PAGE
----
Amartya Sen’s recent book The Idea of Justice is a rich and wide-ranging book, that covers a broad range of issues related to social justice, public reasoning, rationality, human agency, well-being, equality, freedoms, democracy and related concerns. Sen formulates a strong critique of contemporary theorising on justice, and proposes an alternative that focuses more on identifying injustices rather than talking about (perfect) justice, and strongly stresses the importance of deliberation and public debate when addressing questions of injustice.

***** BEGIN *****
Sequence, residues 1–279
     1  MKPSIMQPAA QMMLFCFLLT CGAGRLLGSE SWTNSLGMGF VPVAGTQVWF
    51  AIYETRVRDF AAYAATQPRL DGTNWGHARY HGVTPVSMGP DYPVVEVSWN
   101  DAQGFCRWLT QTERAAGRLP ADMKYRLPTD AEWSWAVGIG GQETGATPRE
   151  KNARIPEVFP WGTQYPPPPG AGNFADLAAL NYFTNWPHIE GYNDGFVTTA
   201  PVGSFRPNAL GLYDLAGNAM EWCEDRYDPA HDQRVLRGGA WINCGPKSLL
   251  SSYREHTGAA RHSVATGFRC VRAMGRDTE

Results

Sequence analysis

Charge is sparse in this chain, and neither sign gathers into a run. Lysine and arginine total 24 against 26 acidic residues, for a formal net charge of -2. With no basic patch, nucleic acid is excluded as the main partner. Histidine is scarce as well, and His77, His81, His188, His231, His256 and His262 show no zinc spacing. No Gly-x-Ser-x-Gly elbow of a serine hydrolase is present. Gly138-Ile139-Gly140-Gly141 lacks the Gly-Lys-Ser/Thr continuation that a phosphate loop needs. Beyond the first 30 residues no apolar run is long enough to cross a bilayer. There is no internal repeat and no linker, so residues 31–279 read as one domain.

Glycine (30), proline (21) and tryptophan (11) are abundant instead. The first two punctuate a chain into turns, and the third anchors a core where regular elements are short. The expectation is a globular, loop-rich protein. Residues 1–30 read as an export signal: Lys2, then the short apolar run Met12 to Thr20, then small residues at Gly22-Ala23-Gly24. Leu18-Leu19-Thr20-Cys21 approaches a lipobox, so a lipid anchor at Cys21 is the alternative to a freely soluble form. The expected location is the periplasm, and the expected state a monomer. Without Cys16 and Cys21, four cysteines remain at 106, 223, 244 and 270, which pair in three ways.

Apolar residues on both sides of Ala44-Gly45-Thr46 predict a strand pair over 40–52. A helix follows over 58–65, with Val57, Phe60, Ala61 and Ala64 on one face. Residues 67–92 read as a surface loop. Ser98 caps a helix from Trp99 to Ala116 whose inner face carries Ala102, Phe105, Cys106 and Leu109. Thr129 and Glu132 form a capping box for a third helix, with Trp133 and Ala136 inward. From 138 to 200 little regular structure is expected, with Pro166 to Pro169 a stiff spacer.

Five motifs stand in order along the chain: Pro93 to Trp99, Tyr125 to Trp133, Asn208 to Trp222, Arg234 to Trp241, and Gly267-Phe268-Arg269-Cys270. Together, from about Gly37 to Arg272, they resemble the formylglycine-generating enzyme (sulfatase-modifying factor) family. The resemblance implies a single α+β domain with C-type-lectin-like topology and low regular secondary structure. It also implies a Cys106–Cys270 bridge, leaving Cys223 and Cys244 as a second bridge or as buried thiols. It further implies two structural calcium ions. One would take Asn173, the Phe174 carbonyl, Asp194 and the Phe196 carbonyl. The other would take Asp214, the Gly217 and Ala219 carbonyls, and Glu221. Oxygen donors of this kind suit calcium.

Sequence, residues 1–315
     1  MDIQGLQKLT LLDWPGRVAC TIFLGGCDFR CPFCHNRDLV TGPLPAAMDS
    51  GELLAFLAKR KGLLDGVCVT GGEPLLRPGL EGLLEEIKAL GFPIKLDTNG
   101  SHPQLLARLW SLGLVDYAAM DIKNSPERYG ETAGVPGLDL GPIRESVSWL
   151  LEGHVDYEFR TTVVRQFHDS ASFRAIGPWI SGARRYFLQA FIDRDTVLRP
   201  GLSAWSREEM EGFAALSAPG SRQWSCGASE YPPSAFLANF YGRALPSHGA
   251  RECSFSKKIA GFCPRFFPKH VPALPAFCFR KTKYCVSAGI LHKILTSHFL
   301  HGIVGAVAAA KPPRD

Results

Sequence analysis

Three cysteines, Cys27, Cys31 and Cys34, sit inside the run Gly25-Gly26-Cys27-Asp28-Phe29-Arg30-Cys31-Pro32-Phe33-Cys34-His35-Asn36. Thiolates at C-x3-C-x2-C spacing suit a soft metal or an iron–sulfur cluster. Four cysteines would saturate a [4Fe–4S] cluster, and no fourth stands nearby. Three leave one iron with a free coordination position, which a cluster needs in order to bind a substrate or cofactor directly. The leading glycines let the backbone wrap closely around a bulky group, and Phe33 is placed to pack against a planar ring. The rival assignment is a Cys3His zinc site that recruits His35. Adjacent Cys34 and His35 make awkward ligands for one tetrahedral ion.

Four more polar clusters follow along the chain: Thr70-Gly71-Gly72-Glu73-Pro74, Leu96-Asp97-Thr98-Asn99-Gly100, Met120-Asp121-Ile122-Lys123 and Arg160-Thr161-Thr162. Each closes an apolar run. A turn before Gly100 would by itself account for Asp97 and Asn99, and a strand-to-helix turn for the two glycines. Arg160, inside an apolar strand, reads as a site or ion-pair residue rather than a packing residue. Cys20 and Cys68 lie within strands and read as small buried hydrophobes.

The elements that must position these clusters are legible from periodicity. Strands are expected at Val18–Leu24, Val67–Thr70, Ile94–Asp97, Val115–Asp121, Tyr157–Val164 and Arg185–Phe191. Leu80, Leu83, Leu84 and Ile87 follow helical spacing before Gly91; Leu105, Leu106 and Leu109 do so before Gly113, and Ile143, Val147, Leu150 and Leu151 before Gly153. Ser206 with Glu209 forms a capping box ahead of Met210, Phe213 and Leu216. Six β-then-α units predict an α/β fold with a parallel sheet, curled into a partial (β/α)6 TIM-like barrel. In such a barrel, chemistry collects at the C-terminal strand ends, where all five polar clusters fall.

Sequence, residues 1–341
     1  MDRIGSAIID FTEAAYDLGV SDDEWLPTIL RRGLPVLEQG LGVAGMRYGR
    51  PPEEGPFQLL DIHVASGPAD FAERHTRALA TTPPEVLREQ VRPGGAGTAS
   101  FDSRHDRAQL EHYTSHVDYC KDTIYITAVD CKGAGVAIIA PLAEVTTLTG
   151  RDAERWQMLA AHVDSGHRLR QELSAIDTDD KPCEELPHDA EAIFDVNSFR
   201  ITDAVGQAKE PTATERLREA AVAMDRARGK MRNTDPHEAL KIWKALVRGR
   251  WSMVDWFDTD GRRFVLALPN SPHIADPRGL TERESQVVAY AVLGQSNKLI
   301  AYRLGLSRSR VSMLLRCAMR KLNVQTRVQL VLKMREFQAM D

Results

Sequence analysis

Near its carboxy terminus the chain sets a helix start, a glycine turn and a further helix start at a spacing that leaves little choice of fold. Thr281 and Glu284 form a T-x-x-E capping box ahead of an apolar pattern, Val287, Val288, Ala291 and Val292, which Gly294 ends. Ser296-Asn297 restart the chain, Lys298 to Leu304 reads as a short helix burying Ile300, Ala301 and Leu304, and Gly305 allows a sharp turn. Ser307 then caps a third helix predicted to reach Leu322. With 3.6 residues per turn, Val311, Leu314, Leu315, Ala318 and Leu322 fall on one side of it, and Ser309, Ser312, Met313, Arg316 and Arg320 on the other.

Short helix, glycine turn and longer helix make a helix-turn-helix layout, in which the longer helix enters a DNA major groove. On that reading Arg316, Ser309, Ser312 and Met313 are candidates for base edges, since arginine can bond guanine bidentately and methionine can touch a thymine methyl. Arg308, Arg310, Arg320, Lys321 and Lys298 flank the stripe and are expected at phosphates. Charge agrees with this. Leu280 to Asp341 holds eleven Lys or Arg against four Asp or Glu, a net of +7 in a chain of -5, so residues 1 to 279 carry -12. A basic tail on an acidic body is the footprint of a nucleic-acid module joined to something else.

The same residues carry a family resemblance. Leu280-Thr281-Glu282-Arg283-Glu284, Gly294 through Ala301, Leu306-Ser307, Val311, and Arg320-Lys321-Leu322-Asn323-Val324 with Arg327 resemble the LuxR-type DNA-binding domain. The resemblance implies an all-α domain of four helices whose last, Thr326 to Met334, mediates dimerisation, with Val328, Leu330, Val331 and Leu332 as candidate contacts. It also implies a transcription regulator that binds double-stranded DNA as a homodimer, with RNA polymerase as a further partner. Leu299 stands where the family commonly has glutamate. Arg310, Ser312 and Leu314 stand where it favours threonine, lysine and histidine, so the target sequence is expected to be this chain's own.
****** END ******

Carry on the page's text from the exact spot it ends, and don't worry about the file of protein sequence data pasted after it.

However, in my discussion here I will limit myself to one major claim that Amartya Sen makes in this book, namely that transcendental theories of justice are redundant (This relates especially to the preface, introduction, and chapter 4 of the book; anyone interested in academic discussions of the other chapters should pop over to “Public Reason”:, which hosts a reading group going through the book one chapter a week). But as said, I will only focus on the ‘Redundancy Claim’, and will argue that it is mistaken, since for justice-enhancing actions we need both transcendental and non-transcendental theorising of justice. Nevertheless I endorse an implication that follows from the Redundancy Claim, namely that theorists of justice should shift their priorities from transcendental theorizing towards thinking about justice-enhancing change. I will argue that this ‘Priorities Claim’ not only follows from the (mistaken) Redundancy Claim, but also from another (correct) claim which Sen advances in The Idea of Justice about the current practice of political philosophy. I will conclude that the Redundancy Claim does need to be rejected, but that this is not a big loss, since what is really important is the Priorities Claim, which is vindicated. [click to continue…]